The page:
In the face of all of this, Anne and her female colleagues are out there, day in and day out, protecting what’s important, often at great personal risk. And they’re good at it. “Anne was an obvious choice for the radio operator position,” says Craig. “In training, she performed excellently and immediately struck a chord with the panel with her confidence and clear communication. Having female rangers, like Anne, also means the community is much more comfortable reporting any issues.”
“It’s not written anywhere that a lady can’t, or shouldn’t, be a ranger. Everything that men can do, women can do too. As long as you’re passionate, you can do it. In fact, you can probably do it better”.
Anne’s work is an immense source of pride. You can hear it in her voice as she describes monitoring herds of elephants, reporting on incidents of tree harvesting and working alongside the rangers out on patrol. Every bit the battle-ready feminist, Anne isn’t intimidated by the discrimination. Instead, she lets it motivate her.
When asked what advice she would give to any young girl wanting to be a ranger she declares: “You are capable of doing it. It’s not written anywhere that a lady can’t, or shouldn’t, be a ranger. Everything that men can do, women can do too. As long as you’re passionate, you can do it. In fact, you can probably do it better”.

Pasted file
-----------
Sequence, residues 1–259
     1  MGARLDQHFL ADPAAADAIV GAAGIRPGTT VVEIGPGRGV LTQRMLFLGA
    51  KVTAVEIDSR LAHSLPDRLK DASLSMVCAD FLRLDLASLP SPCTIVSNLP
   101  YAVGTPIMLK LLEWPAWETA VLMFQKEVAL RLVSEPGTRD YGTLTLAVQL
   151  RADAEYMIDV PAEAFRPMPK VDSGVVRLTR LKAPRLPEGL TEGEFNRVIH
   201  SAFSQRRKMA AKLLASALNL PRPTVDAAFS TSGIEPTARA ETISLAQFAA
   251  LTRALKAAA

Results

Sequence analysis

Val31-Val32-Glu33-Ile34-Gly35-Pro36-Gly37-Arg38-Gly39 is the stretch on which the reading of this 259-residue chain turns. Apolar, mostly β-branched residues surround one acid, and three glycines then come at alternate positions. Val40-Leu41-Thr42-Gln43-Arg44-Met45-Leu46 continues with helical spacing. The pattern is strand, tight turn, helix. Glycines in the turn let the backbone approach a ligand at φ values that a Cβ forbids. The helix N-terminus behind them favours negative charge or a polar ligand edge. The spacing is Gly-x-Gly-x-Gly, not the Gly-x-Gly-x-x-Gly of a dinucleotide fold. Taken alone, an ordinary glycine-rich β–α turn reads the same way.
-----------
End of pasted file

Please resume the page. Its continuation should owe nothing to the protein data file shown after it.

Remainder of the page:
Female rangers are a critical piece of the global conservation puzzle. And as a woman, it’s impossible not to be moved by the outlook and fierce determination of Anne, and those like her. Yes, they’re nurturers. Yes, they’re mothers. Yes, they have families to care for, feed and love. But what the likes of TGLF, Big Life, and The Intrepid Foundation have done is create a supportive environment for these women to funnel their skills and strengths into a job that makes a difference.
And Anne’s job makes a difference.
Tayla Gentle is a freelance writer and producer specializing in adventure travel. Her work has featured in outlets such as Lonely Planet, AFAR, AWOL and Red Bull Australia. Her spirit country is Myanmar.